Is it just me or do your salad greens wilt instantly upon exiting the grocery store? It seems that no matter how fresh and crisp they look in the produce aisle, they never look the same when you get home. (Could this be the same phenomenon as with clothing store fitting room mirrors?? I’ve never looked as good as I do in the Banana Republic dressing room!)
I was reading an interesting article in a recent article of Fine Cooking magazine (which of course I can no longer locate) about the molecular makeup of leafy greens. The wonderful news is that most greens – including herbs – that haven’t yet reached the slimy stage can be revived with a quick soak in cold water. The leaves absorb the water and really do bounce back. My salad spinner is one of my favorite kitchen gadgets, and it makes this added step even easier. Just let the greens soak a bit longer when you’re rinsing them off, then drain and spin. And when cutting up your salad greens, remember that they will resist bruising and browning for a little bit longer if you tear the leaves instead of cutting them.
Another way to salvage greens (again, pre-slime stage) is to roast them. Toss them in with some other veggies, a little olive oil, salt and pepper and roast at 400 degrees. They get crisp on the edges and really add a nice flavor to ordinary roast vegetables. I tried it the other night with some mixed greens and diced butternut squash. Delicious!
As for prolonging life for as long as possible, I’ve found that wrapping greens loosely in a damp paper towel in a sealed container works best. Since cutting the leaves damages the cell structure, the less you cut, the better. So when using a head of lettuce, I peel off enough leaves for what I need, then wrap the remainder and store whole. For bunches of fresh herbs, trim the ends and place them in a mug as you would a bouquet of flowers. Then, tent the leafy tops with a plastic bag and tie around the base of the mug.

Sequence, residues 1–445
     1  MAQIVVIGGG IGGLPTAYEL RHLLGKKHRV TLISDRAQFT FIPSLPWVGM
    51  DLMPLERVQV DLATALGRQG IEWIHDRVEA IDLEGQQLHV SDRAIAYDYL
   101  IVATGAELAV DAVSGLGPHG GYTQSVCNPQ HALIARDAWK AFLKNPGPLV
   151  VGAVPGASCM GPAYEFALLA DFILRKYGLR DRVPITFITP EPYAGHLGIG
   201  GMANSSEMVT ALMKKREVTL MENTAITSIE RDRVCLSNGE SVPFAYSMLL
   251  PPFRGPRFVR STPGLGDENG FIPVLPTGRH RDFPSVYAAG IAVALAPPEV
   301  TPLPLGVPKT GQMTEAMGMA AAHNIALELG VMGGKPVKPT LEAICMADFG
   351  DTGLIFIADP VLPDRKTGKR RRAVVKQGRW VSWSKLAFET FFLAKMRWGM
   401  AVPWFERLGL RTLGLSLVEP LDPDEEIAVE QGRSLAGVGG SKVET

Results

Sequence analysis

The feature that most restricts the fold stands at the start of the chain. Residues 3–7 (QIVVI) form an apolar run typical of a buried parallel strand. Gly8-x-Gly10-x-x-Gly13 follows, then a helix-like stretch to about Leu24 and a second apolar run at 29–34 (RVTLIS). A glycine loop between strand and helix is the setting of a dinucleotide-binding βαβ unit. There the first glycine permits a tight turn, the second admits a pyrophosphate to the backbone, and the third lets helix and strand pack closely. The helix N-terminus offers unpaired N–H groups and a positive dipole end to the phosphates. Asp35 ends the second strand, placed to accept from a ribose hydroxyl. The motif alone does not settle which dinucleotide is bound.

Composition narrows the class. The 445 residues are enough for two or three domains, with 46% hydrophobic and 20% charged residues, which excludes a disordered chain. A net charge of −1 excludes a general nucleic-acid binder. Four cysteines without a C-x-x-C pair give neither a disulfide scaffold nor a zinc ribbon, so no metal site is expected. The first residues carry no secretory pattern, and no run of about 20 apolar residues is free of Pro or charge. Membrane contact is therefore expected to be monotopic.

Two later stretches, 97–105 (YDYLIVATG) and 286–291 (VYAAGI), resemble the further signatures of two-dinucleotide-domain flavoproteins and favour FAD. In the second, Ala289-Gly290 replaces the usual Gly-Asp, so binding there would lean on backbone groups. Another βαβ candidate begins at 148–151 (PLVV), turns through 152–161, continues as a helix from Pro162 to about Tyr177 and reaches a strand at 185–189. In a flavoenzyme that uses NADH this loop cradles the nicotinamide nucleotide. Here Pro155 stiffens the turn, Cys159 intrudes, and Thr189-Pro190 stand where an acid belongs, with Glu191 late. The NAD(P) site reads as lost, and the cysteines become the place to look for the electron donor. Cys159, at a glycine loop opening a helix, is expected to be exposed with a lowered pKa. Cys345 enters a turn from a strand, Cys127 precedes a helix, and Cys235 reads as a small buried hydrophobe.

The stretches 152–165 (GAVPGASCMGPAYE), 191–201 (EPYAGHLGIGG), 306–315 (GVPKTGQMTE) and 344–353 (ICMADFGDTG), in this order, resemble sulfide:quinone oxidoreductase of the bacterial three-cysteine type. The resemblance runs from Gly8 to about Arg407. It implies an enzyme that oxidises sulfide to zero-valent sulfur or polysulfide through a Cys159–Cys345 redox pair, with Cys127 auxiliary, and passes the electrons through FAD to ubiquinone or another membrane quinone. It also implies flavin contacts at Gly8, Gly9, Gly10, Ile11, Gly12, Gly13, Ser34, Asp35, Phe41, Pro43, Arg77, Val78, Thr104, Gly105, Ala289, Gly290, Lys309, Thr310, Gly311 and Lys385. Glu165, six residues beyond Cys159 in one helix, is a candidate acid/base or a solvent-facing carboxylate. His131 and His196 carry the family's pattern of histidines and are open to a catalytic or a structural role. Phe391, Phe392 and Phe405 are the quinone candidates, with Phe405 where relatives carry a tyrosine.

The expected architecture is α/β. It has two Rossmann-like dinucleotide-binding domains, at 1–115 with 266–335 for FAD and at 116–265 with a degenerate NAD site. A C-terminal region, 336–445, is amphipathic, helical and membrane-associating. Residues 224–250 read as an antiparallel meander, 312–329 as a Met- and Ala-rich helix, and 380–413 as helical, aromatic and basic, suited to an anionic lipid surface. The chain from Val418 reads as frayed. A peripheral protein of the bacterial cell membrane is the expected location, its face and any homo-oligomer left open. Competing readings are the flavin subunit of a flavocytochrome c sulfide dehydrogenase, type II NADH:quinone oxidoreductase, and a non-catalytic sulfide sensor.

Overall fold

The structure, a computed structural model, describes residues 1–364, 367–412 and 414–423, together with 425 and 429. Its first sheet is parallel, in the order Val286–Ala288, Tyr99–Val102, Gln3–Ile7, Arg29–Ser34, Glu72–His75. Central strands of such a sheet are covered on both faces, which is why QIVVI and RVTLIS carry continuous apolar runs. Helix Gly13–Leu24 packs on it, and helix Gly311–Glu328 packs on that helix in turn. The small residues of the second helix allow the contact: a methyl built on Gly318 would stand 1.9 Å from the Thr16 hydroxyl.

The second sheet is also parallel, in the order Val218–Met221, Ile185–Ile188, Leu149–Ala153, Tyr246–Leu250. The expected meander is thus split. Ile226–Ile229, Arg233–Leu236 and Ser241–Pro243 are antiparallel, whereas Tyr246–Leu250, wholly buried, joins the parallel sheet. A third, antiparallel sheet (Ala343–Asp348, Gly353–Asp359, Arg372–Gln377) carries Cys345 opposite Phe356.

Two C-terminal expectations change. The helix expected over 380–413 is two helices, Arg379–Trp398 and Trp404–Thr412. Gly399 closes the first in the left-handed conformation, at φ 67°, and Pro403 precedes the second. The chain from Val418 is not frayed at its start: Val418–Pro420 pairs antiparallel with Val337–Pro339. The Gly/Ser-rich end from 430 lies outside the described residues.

And now that I’ve given you some great kitchen tips, you have to listen to me rant for just a minute. When it comes to packaged food, if it’s wrapped in plastic, it typically tastes like plastic. Even though the bags of salad greens are terribly convenient, they really just don’t taste all that great. A head of red leaf lettuce will cost less, yield more, and will definitely taste more lettuce-y than the pre-washed, chopped, bagged version. So bag the bags kids!